- Know your rights under the Fair Debt Collections Practices Act.
- Take the right steps to stop debt collector harassment.
- Pursue legal action, if you have been the victim of illegal debt collections practices.
Are debt collectors allowed to lie about why they are contacting someone?
Are debt collectors allowed to lie? I just got a call from Northland Group. They asked for me and said the reason for the call was to verify me as a personal reference for someone I had never heard of. This seems like a shady technique and I'm wondering if it is legal.
Third-party debt collectors or collection agents pursue payments on debts owed by individuals or businesses. Collections agents may work on behalf of a creditor, or may purchase the account receivable from the creditor for a fraction of the account's face value.
Fair Debt Collections Practices Act
All third-party collection agents are regulated by a federal law called the Fair Debt Collections Practices Act. When an original creditor has a department or group that functions as a collection agent the original creditor becomes bound by the provisions of the FDCPA. Also, in Texas, New York, and California, all original creditors at all times are bound by the FDCPA.
The FDCPA states, among other things, that collection agents may not make false or misleading statements while attempting to collect debts. To learn more about your rights under the FDCPA, I encourage you to visit the Federal Trade Commission FDCPA FAQ.
After learning more about your rights as a consumer, if you believe the collection agent who contacted you is violating the FDCPA, you may wish to file a complaint with the Federal Trade Commission and your state Attorney General's (AG) consumer protection office. To find contact information for the AG's office in your state, see the National Association of Attorneys General list of AGs.
Once you file a complaint with the AG's office, the AG's staff will contact the collection agency to notify the company of your complaint, and what action you want the agency to take to resolve your complaint. Filing complaints against the collector will likely stop the telephone calls you have been receiving. Depending on the seriousness of the allegations, the collector may also be willing to forgive all or a portion of the debt claimed in order to settle your complaints.
Filing a Lawsuit Against a Collection Agent
In addition to filing complaints against the collection agent for violating the FDCPA, you may have a "cause of action" to file a lawsuit against the company. A cause of action is a reason under the law to file a lawsuit. I frequently see consumers file claims successfully for statutory damages allowed by federal law.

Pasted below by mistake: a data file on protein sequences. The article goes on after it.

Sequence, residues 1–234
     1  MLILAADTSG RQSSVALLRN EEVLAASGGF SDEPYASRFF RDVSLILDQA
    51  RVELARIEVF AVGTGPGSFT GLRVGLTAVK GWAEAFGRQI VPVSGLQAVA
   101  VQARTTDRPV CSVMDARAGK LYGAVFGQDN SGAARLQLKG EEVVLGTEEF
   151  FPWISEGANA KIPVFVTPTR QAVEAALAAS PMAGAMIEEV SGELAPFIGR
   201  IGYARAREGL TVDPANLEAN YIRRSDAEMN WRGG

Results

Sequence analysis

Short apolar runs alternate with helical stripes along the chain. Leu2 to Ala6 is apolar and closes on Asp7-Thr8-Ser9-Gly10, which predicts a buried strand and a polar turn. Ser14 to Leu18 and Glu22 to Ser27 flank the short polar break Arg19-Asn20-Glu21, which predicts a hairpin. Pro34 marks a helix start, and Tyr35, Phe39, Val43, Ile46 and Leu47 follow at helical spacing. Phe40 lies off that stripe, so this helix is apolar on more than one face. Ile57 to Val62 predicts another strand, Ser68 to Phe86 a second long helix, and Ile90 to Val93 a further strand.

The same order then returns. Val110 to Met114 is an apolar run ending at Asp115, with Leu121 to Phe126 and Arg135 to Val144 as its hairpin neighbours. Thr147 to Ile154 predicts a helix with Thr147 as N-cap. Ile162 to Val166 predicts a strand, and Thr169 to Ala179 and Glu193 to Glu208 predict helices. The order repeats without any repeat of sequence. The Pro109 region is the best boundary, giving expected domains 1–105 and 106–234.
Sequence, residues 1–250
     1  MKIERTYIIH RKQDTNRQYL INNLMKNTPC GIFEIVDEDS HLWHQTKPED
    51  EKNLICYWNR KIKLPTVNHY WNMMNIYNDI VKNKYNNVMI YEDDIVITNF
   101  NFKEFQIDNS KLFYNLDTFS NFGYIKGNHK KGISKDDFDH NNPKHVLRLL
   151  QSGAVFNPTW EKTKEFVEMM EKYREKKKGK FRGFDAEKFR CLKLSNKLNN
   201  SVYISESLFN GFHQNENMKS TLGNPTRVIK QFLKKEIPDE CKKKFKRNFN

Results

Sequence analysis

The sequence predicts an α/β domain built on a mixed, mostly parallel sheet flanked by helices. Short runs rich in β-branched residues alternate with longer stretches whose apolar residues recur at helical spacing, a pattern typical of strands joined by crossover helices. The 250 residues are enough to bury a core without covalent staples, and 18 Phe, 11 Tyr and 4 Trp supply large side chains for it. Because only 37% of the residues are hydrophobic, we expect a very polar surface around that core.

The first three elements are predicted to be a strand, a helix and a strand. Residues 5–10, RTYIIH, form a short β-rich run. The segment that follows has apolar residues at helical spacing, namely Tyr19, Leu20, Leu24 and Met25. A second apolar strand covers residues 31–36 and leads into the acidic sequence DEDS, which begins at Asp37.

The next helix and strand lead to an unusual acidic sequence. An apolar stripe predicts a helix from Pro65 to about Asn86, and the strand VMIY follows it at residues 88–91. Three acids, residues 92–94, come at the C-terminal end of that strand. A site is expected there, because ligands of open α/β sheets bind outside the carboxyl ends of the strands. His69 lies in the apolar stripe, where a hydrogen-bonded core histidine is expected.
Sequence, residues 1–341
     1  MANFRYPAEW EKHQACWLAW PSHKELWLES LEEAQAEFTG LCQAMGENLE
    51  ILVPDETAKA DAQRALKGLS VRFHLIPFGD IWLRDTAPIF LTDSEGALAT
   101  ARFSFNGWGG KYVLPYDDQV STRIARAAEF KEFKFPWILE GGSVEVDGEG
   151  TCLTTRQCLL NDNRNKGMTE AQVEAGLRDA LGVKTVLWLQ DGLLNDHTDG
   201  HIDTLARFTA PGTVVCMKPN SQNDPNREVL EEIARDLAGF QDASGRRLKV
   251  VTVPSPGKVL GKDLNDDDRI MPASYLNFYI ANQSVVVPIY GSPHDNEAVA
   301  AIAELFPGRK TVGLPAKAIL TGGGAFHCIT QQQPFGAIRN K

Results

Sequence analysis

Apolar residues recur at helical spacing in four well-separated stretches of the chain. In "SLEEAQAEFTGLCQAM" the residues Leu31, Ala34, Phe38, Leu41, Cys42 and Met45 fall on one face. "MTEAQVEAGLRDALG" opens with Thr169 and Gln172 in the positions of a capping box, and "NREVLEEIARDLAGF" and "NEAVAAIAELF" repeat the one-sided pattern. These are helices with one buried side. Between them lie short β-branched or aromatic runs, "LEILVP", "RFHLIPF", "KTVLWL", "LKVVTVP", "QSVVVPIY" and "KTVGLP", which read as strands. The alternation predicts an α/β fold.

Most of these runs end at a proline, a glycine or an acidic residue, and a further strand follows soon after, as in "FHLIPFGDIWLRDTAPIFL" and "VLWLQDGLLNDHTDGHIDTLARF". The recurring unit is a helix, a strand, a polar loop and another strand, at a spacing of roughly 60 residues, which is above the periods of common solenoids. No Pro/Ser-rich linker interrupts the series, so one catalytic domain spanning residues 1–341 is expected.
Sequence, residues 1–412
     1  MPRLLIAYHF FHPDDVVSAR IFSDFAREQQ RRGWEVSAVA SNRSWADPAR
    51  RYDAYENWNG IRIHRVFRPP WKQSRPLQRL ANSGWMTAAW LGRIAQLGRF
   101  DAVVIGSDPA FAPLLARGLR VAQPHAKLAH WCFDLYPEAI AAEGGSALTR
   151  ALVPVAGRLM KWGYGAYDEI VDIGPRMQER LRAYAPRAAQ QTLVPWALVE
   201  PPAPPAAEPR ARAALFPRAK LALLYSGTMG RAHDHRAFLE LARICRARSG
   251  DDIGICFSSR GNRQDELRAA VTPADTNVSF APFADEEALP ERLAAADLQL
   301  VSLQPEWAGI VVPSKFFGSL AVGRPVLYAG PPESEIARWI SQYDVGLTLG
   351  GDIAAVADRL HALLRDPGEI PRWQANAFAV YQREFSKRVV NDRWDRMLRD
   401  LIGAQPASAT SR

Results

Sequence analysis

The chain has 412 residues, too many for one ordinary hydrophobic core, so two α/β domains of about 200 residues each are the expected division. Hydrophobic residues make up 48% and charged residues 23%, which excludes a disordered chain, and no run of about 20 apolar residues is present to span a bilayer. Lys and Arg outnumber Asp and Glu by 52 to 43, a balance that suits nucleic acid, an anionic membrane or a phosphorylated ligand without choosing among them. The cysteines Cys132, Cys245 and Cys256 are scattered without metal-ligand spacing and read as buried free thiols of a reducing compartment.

If you are interested in pursuing legal action against the collection agency, I would encourage you to consult with a consumer rights attorney licensed in your state who can review your case. If the attorney thinks a viable case exists, he may be able to help you in filing a lawsuit against the collector for damages caused by its illegal collection activity. The National Association of Consumer Advocates will help you find a consumer rights attorney in your area who can assist you in pursuing legal action against this collection agency, if you choose to do so.
Cease Communication Demand Letter
If your primary goal is to stop the phone calls you are receiving from collectors, you may be better served by simply sending a written cease communication demand letter to the agency. Under the provisions of the FDCPA, a debt collector is required to stop calling you (with very limited exceptions) if you notify the agency in writing to cease communications.
For an example of a cease communication (a.k.a., cease and desist) letter, see the Bills.com debt self-help center. If you decide to send a cease communication request, I encourage you to use certified mail, return receipt requested; this will provide you proof that your letter was received in case the collector continues to call and you need to take further action against the agency.
In many cases, sending a C&D letter will end the collection calls, so you may find that no further action is needed on your part. However, if you do continue to receive collection calls, you may need to take further action such as filing complaints and/or legal action, as outlined above.
Resolve the Debt
Federal law provides you with a significant protection against abusive collection tactics by debt collectors. That said, stopping collection calls does not make the underlying debt go away. I encourage you to visit the Bills.com Debt Help page to read more about the various debt relief options available to consumers who are struggling with debt.
I wish you the best of luck in resolving this debt, and hope that the information I have provided helps you Find. Learn. Save.
Struggling with debt?
If you are struggling with debt, you are not alone. According to the NY Federal Reserve total household debt as of Quarter Q3 2023 was $17.291 trillion. Student loan debt was $1.599 trillion and credit card debt was $1.079 trillion.
According to data gathered by Urban.org from a sample of credit reports, about 26% of people in the US have some kind of debt in collections. The median debt in collections is $1,739. Student loans and auto loans are common types of debt. Of people holding student debt, approximately 8% had student loans in collections. The national Auto/Retail debt delinquency rate was 4%.
Each state has its rate of delinquency and share of debts in collections. For example, in South Carolina credit card delinquency rate was 4%, and the median credit card debt was $402.
To maintain an excellent credit score it is vital to make timely payments. However, there are many circumstances that lead to late payments or debt in collections. The good news is that there are a lot of ways to deal with debt including debt consolidation and debt relief solutions.